Let’s unravel a linguistic puzzle as we delve into the proverb the road to hell is paved with good intentions. We often associate good intentions with positive outcomes, so why on earth would they pave a road to Hell? And what is the full quote? Well, that’s precisely what I’m here to explain, so sit tight and get ready to navigate this curious expression.
What Is “The Road to Hell Is Paved with Good Intentions” Full Quote?
If you’re waiting for a longer, more elaborate version of this phrase, I hate to break it to you—the full quote is exactly as you see it: The road to hell is paved with good intentions. No hidden verses, no secret addendum, and certainly no hidden trapdoors. The phrase is pretty straightforward and conveys a clear, albeit grim, picture.
Meaning Behind “The Road to Hell Is Paved with Good Intentions”
The proverb the road to hell is paved with good intentions is a rather somber prompt that good intentions are just not enough and can sometimes lead to negative outcomes because they weren’t acted on or followed through with.
Essentially, it implies that some people may have noble intentions but fail to act upon them, leading to unfavorable results, or their good intentions might have unexpected, bad outcomes.
So, if you’re planning to help a friend with a DIY haircut and end up giving them an unexpected mullet, you’ve just had a taste of this proverb.
Is “The Path to Hell Is Paved with Good Intentions” Correct to Use?
Don’t worry! The path to hell is paved with good intentions is a variant of the original phrase and is perfectly fine to use. Both carry the same intent, and you can use them interchangeably for preference or the rhythm of the sentence you’re constructing.
Origin and Etymology of “The Road to Hell Is Paved with Good Intentions”
While the exact origin of the phrase isn’t certain, it has been around for quite some time.
An earlier version of this saying, hell is full of good meanings and wishings, can be traced back to a 1640 theological book by Saint Bernard of Clairvaux, who originally wrote the saying hundreds of years prior. The attribution was printed in 1980 in Correspondence: Lettres d’Amitié Spirituelle by St Francis de Sales.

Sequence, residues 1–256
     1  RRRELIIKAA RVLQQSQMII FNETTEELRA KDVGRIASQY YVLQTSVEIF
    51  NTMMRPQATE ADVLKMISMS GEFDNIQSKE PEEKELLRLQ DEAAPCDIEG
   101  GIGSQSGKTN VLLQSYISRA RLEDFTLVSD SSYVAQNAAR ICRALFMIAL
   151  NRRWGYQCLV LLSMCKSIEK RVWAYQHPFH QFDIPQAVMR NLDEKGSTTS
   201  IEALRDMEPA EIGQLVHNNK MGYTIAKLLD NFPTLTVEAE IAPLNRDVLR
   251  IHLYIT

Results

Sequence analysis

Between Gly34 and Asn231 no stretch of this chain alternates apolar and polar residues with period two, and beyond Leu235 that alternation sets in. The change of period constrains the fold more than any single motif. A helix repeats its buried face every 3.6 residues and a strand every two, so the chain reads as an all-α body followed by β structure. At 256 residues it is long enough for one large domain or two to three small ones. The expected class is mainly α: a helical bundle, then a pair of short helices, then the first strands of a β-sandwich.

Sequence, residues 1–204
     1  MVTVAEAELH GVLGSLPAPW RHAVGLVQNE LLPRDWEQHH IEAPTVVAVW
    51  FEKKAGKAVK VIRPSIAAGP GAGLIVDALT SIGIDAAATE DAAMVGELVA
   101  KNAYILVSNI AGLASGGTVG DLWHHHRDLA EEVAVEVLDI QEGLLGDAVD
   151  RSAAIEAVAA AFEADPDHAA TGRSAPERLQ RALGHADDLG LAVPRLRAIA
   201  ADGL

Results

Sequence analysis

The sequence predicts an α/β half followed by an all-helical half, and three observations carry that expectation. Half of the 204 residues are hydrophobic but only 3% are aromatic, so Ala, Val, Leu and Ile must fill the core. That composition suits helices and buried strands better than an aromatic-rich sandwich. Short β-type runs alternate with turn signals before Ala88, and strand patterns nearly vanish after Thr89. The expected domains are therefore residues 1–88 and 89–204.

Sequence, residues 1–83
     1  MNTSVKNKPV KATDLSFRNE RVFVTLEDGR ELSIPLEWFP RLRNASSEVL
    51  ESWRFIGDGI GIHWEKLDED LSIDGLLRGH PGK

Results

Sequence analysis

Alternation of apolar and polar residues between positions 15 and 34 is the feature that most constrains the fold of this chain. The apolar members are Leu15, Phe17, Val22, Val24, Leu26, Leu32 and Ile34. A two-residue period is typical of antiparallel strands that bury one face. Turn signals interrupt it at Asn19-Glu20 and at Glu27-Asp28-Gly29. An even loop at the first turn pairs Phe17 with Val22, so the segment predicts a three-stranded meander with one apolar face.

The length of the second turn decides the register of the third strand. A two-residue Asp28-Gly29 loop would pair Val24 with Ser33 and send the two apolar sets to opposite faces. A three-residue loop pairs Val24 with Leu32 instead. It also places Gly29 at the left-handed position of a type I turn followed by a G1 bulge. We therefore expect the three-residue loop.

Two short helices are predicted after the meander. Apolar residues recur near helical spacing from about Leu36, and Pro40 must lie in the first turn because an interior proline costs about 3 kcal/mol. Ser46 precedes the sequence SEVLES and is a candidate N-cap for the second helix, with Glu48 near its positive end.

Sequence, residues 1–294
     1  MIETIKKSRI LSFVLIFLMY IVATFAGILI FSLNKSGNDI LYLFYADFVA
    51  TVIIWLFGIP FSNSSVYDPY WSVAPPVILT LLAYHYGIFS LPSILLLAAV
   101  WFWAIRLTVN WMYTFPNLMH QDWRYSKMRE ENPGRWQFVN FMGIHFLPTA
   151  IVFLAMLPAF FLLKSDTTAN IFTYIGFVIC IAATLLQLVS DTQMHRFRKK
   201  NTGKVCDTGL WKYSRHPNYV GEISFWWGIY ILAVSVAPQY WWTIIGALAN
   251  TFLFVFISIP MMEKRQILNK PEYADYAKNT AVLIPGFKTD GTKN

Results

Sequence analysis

l’enfer est plein de bonnes volontés ou désirs. Translation: Hell is full of good meanings and wishes. There’s no mention of a paved road here because we didn’t have paved roads until later.
Other Ways to Say It
Here are a few different ways to convey this well-known proverb with synonyms.
- Good intentions, bad outcomes
- Actions speak louder than intentions
- Intentions don’t always lead to proper action
- Good plans often go awry
“The Road to Hell Is Paved with Good Intentions” Examples in a Sentence
- They started the project enthusiastically, but as they say, the road to hell is paved with good intentions, and the project was left unfinished.
- Charlie meant to help her mother with the cooking, but the road to hell is paved with good intentions, and she burnt the cake.
- The Canadian government’s new policy was intended to reduce poverty, but the road to hell was paved with good intentions, and it ended up causing more harm than good after a few months.
- Jack’s plan to surprise his girlfriend by painting her apartment seemed like a good idea, but the road to hell is apparently paved with good intentions—he spilled paint all over her antique furniture.
It seems the road to hell is paved with good intentions is an idiomatic expression that serves as a gentle reminder that action is the crucial element that gives life to our intentions. Without concrete steps to implement them, the best of intentions might just lead us down an undesirable path with unintended consequences, or in this case, pave a road straight to a metaphorical hell.